While companies continue to use mobile marketing tactics to promote and expand their businesses in the U.S. and in the U.K., the mobile marketing industry across the pond continues to trail its U.S. counterpart. It seems everyone in the U.S. has a smartphone attached to their hand, which they use to send texts, make calls, look up information, browse social media and make purchases among many other activities. Smartphones and tablets are even surpassing laptops in popularity, as U.S. citizens are increasingly turning to mobile devices to retrieve necessary information. This frequent use of smartphones does not appear to be mimicked in the U.K.
Recently O2 Media and the Marketing Institute surveyed 252 marketers in the U.K., finding two-thirds of marketers dedicating portions of their budgets to mobile rather than traditional media. Of these marketers, 14 percent obtained additional money for SMS marketing campaigns, and 7 percent redirected funds used in online / desktop marketing.
Despite these efforts, the idea that “marketing spend hasn’t followed where the eyeballs have gone” remains a concern, notes Fintan Lonergan, O2 Media’s managing director. The company works with clients such as Heineken, Aer Lingus, Ikea and Nissan, helping them connect to consumers.
In 2013, a mere 19 percent of U.K. businesses had dedicated 10 percent or more of their advertising budget to mobile marketing. “This is very low compared to the central role that mobile plays in consumers lives,” Lonergan adds. Only 7 percent of surveyed marketers said they worked for “a mobile-first organization,” with “lack of strategy” considered the biggest challenge Ireland faces in regards to mobile marketing.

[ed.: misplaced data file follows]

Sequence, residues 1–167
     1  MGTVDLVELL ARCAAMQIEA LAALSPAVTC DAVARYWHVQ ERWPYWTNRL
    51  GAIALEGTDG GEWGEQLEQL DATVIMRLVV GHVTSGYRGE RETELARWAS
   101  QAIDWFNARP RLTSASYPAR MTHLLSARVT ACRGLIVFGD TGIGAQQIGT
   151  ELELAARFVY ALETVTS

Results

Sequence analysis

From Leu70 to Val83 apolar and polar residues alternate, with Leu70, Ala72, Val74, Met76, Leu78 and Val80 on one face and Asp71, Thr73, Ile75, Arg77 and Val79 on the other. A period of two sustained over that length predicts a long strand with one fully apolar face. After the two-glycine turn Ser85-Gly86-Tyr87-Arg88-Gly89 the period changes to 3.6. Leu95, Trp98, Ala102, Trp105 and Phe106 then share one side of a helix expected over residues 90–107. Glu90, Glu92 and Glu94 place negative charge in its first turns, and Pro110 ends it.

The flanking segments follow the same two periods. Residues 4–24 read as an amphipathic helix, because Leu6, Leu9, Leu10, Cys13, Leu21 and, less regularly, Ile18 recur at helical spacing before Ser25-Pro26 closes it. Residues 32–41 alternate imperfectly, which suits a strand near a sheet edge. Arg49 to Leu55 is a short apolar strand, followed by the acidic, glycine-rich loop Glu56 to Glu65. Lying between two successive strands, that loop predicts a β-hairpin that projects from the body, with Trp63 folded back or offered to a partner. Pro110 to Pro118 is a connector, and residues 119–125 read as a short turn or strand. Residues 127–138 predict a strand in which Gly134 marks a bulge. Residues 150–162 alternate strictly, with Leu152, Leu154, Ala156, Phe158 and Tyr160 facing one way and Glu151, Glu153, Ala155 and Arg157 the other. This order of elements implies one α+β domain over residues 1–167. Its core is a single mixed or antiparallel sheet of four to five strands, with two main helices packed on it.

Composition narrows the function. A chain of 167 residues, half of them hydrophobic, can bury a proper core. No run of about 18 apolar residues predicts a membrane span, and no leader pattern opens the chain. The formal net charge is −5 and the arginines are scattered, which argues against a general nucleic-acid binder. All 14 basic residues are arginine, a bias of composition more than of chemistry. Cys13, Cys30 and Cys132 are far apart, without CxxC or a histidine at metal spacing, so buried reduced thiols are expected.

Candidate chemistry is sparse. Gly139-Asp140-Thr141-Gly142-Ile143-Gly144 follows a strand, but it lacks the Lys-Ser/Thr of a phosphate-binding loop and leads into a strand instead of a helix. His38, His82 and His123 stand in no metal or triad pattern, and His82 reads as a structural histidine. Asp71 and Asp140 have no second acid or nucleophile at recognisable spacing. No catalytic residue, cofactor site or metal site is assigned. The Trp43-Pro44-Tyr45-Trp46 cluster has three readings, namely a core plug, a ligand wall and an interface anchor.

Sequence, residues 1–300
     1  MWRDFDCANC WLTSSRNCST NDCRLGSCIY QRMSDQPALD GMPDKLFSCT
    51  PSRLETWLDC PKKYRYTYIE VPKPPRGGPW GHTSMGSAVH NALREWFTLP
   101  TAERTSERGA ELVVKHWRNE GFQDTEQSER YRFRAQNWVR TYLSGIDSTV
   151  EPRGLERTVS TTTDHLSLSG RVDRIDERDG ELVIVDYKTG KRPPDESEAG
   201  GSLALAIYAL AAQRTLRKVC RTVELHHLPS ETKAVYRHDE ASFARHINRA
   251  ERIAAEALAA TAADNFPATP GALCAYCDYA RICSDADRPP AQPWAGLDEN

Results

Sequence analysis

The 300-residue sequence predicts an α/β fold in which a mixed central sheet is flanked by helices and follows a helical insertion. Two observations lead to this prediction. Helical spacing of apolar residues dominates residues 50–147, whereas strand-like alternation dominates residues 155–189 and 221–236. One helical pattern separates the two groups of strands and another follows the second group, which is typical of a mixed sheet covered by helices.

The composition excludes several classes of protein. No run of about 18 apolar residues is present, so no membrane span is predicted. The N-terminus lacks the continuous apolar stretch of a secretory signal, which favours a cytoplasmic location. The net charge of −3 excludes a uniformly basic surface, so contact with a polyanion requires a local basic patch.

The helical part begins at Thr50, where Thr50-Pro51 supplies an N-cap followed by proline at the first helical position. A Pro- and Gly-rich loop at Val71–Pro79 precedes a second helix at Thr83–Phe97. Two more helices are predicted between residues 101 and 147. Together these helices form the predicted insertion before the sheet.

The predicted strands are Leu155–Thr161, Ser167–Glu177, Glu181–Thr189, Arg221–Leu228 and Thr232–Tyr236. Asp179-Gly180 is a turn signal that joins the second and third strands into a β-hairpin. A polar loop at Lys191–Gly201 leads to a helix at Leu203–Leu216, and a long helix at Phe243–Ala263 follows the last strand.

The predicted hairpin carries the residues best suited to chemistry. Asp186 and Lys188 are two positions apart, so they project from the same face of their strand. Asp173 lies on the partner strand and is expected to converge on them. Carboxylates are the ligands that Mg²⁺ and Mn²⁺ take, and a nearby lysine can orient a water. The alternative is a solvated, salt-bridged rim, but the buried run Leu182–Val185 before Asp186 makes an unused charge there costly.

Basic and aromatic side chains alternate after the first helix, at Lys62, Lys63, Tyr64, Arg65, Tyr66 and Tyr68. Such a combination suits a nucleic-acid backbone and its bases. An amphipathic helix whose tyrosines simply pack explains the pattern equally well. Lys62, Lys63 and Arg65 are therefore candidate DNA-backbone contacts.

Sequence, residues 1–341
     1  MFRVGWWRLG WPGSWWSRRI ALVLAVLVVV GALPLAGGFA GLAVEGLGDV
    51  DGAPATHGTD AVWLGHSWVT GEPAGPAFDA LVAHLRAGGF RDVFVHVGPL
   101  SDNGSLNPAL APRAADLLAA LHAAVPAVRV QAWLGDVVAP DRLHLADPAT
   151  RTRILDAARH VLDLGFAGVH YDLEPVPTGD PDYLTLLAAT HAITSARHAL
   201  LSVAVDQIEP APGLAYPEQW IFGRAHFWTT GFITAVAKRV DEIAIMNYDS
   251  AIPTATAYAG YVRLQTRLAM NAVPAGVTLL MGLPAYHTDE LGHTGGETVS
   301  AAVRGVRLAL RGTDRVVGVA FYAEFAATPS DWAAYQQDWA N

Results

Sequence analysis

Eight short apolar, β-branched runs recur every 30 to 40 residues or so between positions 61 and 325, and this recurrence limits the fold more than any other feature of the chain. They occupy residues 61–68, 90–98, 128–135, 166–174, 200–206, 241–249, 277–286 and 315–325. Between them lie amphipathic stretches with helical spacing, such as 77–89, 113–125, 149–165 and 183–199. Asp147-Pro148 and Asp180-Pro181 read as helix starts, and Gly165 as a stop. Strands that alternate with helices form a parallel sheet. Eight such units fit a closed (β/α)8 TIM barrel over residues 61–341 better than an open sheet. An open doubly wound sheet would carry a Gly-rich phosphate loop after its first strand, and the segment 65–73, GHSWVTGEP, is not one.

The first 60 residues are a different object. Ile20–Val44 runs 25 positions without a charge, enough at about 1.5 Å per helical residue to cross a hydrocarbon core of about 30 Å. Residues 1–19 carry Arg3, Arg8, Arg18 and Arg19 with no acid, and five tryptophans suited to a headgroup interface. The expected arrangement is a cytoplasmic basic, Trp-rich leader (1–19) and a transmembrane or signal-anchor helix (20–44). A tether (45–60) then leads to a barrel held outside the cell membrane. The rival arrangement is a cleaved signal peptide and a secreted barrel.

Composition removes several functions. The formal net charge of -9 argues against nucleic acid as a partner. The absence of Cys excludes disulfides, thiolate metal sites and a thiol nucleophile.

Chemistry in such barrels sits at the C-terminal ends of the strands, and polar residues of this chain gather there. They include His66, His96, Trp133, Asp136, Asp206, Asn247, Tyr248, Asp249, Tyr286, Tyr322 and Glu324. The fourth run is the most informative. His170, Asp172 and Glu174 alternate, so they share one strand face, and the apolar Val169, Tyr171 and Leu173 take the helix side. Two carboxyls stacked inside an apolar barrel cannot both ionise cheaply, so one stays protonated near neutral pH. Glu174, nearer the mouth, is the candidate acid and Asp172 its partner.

Progress is being made, however. Lonergan cites location-based targeting as a “really encouraging” development in the U.K., with more and more marketers focusing on mobile marketing strategy. In 2013, the most popular mobile marketing tactics were social media, SMS messaging, apps, mobile displays and mobile-optimized websites.
“There is a lot of media attention on mobile and the growth of mobile and yet very little has been known about what marketers are doing within mobile,” says Lonergan.
In the UK, Lonergan says mobile marketing has gone on “a hockey stick curve in the last 24 months,” noting a recent eMarketer study that found mobile advertising in the U.K. will likely surpass print advertising in 2014.
“Our marketing industry is lagging behind a bit, and that’s not a criticism, it’s just a fact,” he notes.
So why this “lag”? Perhaps it’s simply a matter of company funds, or maybe there just aren’t as many smartphone users in the U.K. Companies are provided with numerous other options in terms of advertising, such as email and social media, and success in those areas may prompt businesses to look at SMS marketing campaigns as unnecessary. Whatever the reason, it will be interesting to see how fast the U.K. catches up with the U.S. regarding this expanding form of advertising!